This is part three in a series of stories that center around Louisville’s local coffee scene: a battleground of ongoing spiritual and class warfare between Christians and queers, workers and business owners. The purpose of the series is not to publicly drag local businesses or individuals, but to trace the connections between those businesses/individuals to unjust + mutually reinforcing power structures. The last installment exposed local coffee chains Sunergos and Quills’ ties to anti-Black and anti-queer religious institutions. This installment analyzes and evaluates the anti-union stances of Sunergos and Heine Brothers’, using their own company values as the standard. We reached out to both companies to offer the opportunity to comment, and received a response from Heine Brothers’, who declined the opportunity, deferring to the union. We did not hear back from Sunergos.
A note about boycotts: According to the baristas who are fighting to unionize locally, or who have successfully unionized and are in the negotiation stage, our patronage and tips are still needed more than ever. So rather than boycotting, they ask that we tip generously, follow the unions on social media, and check in regularly to see how we can best support them.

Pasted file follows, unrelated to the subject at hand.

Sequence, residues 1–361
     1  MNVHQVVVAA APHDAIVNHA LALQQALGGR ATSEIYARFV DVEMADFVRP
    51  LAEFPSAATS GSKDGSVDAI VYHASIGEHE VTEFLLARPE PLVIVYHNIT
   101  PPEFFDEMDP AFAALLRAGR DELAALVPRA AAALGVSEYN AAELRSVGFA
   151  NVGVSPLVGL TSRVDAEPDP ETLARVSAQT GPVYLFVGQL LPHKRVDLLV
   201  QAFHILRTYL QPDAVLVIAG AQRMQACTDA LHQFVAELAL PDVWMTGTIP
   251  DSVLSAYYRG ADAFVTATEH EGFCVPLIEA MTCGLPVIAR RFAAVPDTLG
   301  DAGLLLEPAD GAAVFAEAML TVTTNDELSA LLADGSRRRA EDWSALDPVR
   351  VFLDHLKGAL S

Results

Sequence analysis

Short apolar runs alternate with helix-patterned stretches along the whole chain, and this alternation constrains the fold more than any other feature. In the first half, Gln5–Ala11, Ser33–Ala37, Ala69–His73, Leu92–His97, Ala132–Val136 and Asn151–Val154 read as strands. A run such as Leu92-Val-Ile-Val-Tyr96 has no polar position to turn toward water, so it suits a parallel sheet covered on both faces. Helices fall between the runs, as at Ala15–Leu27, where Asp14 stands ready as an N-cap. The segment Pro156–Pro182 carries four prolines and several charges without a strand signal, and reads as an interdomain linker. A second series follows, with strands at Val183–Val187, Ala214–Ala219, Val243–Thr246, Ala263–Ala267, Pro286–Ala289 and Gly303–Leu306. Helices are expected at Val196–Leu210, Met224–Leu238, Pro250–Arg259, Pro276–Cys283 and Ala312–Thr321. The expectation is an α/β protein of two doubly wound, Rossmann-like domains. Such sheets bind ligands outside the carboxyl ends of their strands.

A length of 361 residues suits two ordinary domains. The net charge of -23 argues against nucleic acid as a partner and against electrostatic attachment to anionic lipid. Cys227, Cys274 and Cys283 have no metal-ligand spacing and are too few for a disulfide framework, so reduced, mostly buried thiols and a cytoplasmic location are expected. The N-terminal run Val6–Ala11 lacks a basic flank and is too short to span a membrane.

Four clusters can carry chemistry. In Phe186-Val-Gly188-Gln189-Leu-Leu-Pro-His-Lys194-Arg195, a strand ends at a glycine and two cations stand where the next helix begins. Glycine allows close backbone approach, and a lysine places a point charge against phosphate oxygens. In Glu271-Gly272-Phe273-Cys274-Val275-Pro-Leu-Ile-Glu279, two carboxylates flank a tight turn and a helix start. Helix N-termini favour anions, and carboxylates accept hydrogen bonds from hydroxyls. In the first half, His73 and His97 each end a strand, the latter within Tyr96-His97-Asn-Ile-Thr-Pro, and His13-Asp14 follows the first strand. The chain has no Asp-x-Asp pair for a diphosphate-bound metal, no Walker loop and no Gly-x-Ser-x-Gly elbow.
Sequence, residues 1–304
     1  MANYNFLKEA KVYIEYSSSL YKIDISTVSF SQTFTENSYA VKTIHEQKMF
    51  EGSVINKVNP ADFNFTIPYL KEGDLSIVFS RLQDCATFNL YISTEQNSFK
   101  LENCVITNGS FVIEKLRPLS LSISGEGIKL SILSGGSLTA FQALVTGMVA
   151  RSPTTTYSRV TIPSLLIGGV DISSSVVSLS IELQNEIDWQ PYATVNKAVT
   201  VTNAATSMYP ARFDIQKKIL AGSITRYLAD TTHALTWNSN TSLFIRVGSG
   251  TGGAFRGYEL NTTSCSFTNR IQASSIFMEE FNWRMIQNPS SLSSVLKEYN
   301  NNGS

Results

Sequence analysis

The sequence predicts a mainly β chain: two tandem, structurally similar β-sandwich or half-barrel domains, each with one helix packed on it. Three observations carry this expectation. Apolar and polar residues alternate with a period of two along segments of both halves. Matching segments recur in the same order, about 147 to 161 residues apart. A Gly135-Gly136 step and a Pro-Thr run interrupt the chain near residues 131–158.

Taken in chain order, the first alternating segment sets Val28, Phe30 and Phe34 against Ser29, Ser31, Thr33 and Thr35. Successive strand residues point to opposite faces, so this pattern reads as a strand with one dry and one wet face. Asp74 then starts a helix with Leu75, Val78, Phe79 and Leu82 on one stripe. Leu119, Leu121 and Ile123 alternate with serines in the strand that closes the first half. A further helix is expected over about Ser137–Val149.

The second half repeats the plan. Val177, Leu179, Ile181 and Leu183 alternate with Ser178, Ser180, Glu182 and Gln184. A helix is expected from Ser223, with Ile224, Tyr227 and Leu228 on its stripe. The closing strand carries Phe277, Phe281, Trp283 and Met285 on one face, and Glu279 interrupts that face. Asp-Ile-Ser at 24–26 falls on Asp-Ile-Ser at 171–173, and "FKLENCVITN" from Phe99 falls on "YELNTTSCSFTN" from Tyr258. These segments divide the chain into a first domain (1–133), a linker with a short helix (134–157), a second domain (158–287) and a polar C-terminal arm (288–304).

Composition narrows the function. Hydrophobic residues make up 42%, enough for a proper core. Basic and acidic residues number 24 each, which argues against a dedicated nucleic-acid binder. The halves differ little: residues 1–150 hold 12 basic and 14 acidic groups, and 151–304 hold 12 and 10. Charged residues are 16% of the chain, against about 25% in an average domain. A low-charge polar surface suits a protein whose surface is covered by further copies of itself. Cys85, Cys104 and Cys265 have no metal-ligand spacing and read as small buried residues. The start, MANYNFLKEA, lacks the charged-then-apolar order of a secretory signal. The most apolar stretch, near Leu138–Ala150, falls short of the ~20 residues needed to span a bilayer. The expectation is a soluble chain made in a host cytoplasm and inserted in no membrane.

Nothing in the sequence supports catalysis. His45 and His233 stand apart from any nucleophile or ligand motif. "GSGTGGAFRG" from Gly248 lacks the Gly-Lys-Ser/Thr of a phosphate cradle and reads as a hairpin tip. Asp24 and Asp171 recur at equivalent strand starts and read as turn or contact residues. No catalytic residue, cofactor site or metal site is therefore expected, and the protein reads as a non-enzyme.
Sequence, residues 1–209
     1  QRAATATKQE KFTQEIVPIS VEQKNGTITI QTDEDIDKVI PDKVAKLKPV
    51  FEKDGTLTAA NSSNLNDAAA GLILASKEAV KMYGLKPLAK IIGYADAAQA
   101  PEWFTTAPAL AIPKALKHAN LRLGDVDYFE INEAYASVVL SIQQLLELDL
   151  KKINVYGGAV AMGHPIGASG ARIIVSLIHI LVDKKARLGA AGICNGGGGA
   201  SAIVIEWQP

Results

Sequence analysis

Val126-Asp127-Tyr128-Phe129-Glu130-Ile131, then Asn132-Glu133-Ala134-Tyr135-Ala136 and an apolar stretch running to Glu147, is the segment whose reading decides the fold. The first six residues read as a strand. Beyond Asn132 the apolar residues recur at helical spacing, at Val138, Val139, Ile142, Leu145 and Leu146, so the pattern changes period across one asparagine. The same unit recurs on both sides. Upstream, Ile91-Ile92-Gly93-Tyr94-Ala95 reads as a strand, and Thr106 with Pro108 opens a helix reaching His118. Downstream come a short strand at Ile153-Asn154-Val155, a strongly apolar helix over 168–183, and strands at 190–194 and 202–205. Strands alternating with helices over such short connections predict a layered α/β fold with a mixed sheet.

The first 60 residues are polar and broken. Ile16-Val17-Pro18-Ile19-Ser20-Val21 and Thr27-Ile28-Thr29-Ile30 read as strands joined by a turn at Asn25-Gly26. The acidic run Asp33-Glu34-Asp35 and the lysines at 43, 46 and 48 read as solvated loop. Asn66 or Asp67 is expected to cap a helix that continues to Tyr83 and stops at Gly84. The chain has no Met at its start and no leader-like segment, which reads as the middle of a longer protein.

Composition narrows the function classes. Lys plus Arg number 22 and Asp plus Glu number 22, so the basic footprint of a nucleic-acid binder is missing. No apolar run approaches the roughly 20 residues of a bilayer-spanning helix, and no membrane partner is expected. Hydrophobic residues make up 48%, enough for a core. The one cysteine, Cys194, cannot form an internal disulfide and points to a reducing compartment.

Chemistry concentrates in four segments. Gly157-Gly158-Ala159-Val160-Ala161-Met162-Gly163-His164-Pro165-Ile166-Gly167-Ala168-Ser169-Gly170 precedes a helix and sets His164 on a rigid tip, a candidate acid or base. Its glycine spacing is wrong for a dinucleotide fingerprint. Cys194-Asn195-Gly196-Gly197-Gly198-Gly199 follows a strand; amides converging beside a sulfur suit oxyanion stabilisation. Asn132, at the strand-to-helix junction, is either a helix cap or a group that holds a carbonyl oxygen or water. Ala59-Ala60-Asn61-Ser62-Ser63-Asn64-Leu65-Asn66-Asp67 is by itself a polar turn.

The Workplace Dictatorship
Marxist economist and professor Richard D. Wolff describes the capitalist workplace as “one of the most profoundly undemocratic institutions on the face of the Earth”—in other words, a dictatorship. In a democracy, Professor Wolff reasons, any person whose life is affected by a decision, has a say in that decision. And in the capitalist workplace, it’s the opposite: one or two individuals exercise total authority over the vast majority of people, and workers have no say in the decisions that affect them. Don’t like your schedule? Find another job. Can’t live on $12 an hour? Good luck finding an employer in this industry that pays more. The owner can discipline the worker, or fire her for no reason at all, but the worker can neither discipline nor fire her employer. If the owner wants to drastically cut the worker’s hours, schedule her outside of her availability, require her to serve unmasked customers during a pandemic, or even shut down her workplace with no advance notice, he can do so without repercussions.
To quote Professor Wolff: “If you believe in democracy, then how in the world can you justify not instituting it in the place where we spend most of our adult lives?”
In the capitalist workplace/dictatorship, the worker’s interests conflict with the owner/dictator’s. This is because the number one rule of capitalism is “maximize profit at all costs.” The business that doesn’t follow this rule will sooner or later fail. Since anything that would improve the worker’s quality of life, like higher wages, longer paid breaks, more paid sick leave, safer working conditions, a lighter workload, a more inclusive work environment, etc., cuts into the owner’s profits, it’s against his interests to provide these things for the worker. Conversely, anything that increases the business’s profits—lower wages, shorter breaks, no paid sick leave, etc.—is against the worker’s interests, that is, it decreases her quality of life.
And because the capitalist workplace is a dictatorship, not a democracy, the employer’s interests always win out.